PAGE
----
A trio of creepy titles debuted this summer, and your personal preference may dictate which you prefer, although one show stands above the other two in terms of quality and intensity, and perhaps surprisingly (or perhaps not), it is the Fx Network entry that is can’t miss television.
From Executive Producer and horror master Guillermo Del Toro, The Strain is a very different kind of entry in the horror genre. Blending equal parts vampire story, zombie apocalypse and virus pandemic thriller, The Strain smartly uses its gore factor to provide just enough revulsion to shock us without driving us away.
That’s a good thing, because this is one of the best-cast TV shows I’ve ever seen. Corey Stoll, who was so outstanding in House of Cards as tortured Pete Russo, is appropriately driven as CDC Viral Expert Ephraim Goodwater. He’s joined by his muse and conscience in the person of Mia Maestro as Dr. Nora Martinez. And the real stroke of genius is adding David Bradley (Harry Potter, Doctor Who, Game of Thrones) as WW II survivor and sword-wielding vampire hunter Abraham Setrakian.
The vampires are decidedly gross and unsexy, and the show effectively combines mythology and science to create a creepy, weird and intensely suspenseful setting. This ain’t Twilight, this ain’t even True Blood. If you’re a fan of, say, The Walking Dead, then The Strain has likely been your summer fix. I’m thrilled to advise that it’s already been picked up for Season 2. This show is a winner.
IF YOUR TASTE runs more to the macabre hidden behind the veil of the mundane, then you might prefer HBO’s The Leftovers, from Lost creator Damon Lindelof.
The Leftovers posits an interest premise – what if 5% of the people in the world all suddenly vanished without a trace. The answer the show offers is that much of the world would go bat-shit crazy. That includes small-town Sheriff Kevin Garvey (Justin Theroux) and his estranged wife Laurie (Amy Brenneman) who has joined an annoying cult of silent smokers known as the Guilty Remnant. Frankly, the only way the Guilty Remnant could be more annoying is if they followed you around repeating everything you say, and when people retaliate against the relatively harmless cult members with violence, you feel a certain guilty sense of satisfaction.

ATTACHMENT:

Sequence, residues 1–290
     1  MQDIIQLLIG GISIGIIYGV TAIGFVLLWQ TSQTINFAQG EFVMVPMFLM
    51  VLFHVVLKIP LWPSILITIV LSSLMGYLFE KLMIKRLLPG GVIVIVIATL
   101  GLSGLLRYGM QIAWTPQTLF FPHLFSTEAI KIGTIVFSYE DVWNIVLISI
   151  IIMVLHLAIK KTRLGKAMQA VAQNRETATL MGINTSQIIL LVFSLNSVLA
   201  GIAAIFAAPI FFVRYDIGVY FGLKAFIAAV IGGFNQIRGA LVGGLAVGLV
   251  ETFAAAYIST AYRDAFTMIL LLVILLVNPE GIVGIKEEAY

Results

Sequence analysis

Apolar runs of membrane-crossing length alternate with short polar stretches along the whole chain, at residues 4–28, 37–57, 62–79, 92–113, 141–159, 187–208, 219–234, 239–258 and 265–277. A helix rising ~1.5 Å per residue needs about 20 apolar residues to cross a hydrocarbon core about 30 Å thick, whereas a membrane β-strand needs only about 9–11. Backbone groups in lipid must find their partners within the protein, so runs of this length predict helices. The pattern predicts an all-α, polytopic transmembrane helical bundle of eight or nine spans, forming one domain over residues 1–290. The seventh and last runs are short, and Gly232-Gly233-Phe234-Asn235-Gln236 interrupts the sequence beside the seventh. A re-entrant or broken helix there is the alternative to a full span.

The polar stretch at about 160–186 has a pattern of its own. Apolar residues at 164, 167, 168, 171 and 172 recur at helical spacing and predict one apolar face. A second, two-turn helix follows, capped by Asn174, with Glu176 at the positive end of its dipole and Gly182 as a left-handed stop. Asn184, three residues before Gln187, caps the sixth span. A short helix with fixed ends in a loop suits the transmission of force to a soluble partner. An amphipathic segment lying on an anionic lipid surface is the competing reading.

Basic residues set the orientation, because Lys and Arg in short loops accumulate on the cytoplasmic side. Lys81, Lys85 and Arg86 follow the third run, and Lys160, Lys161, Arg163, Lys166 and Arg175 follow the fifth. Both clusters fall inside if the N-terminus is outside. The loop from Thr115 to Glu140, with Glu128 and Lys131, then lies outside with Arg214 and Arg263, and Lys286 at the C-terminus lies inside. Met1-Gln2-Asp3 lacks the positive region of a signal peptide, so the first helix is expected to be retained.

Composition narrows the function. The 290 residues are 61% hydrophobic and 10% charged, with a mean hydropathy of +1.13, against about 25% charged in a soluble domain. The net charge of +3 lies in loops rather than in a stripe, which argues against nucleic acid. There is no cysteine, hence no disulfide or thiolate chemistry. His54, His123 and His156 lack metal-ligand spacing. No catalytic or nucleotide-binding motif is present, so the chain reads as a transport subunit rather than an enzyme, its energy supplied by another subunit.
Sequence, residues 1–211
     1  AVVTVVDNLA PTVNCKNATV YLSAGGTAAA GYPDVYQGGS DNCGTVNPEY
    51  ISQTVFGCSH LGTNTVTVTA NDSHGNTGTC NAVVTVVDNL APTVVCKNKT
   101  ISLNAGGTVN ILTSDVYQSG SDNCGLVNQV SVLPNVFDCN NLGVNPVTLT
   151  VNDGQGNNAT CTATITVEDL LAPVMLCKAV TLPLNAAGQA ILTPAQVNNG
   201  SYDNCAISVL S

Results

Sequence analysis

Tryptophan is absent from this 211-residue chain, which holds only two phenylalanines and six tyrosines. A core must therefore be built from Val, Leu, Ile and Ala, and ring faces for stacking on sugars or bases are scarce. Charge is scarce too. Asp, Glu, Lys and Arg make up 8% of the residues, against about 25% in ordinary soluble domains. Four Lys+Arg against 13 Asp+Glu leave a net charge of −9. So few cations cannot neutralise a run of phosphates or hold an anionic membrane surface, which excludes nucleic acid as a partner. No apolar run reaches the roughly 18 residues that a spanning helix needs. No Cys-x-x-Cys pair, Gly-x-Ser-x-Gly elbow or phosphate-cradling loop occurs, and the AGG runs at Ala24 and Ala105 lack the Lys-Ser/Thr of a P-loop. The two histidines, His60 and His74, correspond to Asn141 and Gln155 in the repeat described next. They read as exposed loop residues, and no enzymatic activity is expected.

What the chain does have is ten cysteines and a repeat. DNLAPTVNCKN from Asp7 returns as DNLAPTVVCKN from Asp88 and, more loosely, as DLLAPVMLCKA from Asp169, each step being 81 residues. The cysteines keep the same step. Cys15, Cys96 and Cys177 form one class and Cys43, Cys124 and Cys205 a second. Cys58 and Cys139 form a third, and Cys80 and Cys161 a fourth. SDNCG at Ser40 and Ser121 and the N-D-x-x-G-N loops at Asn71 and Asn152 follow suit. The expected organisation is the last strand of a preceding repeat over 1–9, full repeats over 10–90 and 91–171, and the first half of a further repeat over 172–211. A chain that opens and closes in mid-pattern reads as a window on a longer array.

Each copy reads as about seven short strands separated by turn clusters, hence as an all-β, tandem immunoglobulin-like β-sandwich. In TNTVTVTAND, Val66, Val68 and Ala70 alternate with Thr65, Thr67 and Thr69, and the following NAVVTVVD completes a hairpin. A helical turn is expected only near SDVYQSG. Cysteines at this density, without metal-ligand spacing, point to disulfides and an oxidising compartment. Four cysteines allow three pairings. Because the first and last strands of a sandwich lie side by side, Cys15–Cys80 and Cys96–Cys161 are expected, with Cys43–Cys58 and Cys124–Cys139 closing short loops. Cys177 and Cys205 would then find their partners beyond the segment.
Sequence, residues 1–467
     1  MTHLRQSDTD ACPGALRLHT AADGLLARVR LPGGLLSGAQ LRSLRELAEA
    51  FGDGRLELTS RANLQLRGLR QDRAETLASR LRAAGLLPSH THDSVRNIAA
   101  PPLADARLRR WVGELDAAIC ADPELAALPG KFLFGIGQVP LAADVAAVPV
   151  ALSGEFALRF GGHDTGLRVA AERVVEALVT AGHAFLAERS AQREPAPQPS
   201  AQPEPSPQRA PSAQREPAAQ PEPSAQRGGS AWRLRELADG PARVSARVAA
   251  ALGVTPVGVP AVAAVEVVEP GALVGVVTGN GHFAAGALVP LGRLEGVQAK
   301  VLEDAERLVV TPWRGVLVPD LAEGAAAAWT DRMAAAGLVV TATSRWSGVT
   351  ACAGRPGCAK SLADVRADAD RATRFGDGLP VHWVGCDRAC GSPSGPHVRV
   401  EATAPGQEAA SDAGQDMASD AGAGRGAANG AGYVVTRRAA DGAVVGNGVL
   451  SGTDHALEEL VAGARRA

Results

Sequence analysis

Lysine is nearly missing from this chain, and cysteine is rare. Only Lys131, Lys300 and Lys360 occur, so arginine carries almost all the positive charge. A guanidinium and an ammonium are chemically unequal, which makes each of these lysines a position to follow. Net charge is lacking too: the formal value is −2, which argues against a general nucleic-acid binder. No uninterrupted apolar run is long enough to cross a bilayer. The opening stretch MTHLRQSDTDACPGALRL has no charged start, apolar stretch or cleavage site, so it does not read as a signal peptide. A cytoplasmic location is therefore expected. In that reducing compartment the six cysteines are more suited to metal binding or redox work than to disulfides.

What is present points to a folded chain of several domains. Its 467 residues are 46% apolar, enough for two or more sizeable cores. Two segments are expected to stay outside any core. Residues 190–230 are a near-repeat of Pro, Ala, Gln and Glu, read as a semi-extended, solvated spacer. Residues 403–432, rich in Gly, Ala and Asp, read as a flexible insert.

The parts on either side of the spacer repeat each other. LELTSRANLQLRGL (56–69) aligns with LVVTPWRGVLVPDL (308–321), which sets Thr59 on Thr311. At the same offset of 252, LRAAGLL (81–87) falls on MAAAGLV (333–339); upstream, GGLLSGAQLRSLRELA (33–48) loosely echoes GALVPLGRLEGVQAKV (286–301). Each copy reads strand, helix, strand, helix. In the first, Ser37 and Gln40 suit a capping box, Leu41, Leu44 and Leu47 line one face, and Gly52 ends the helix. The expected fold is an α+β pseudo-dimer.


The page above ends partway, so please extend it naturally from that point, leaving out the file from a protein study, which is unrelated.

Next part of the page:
While The Leftovers has all of the slightly skewed elements that made Lost compelling, Lost had the sarcasm of Josh Holloway’s Sawyer and the cock-eyed optimism of Jorge Garcia’s Hurley. By contrast, this show is joyless, and most episodes leave you feeling Lost, but Lost if the only characters were John Locke and the Korean guy who never talks.
The lone exception is standout Carrie Coon as resilient Nora Durst, whose entire family disappeared in “The Departure” but who nevertheless managed not to join an annoying cult or shoot a bunch of dogs. The show screams for more of her and less doom and gloom, but unless a con artist named Sawyer shows up in Mapleton, I don’t think we’ll get there.
LAST UP, from BBC America, comes Intruders, a somewhat convoluted drama about regular people who become possessed by trapped souls. Creepy behavior ensues.
To be fair, Intruders hasn’t given us nearly as big a sample size as the other two shows, but early on, some obvious troubles emerge. The show meanders, spending far too much time in one of the lead character’s (John Simm) mundane search for his missing and possessed wife (Mira Sorvino). The misstep here is that it’s difficult to have much of a connect with these characters when there’s been no back story or character development. That may come in future installments, but so far, I’m bored with this pair.